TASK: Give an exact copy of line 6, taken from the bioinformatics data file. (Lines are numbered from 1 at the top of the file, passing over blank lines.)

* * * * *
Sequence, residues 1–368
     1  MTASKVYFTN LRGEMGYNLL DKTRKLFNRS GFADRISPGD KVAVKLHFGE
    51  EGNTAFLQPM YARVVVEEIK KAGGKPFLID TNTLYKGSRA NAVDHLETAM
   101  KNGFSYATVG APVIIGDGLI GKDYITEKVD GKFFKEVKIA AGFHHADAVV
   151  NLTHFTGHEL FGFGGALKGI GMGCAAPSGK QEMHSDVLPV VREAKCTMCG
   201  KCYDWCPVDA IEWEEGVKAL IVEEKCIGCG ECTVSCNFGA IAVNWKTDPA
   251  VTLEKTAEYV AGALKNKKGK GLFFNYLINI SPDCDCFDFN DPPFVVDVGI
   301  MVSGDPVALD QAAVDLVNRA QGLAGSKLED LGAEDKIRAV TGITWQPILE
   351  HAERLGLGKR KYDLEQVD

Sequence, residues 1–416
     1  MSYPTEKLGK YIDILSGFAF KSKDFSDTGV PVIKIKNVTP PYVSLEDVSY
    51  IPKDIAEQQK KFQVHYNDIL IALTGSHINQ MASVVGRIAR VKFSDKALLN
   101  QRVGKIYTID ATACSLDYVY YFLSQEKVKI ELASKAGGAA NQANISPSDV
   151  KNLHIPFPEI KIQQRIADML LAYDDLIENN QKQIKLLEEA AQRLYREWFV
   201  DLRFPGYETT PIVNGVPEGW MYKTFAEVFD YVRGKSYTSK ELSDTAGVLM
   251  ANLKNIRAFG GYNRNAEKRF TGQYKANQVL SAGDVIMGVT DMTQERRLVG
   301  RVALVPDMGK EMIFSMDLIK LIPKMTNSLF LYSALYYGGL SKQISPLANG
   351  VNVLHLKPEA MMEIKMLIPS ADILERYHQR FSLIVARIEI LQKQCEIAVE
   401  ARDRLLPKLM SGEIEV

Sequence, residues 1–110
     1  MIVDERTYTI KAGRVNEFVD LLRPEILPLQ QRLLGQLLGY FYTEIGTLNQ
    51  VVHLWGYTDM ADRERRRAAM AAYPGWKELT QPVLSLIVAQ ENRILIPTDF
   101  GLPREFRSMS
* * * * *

   201  KCYDWCPVDA IEWEEGVKAL IVEEKCIGCG ECTVSCNFGA IAVNWKTDPA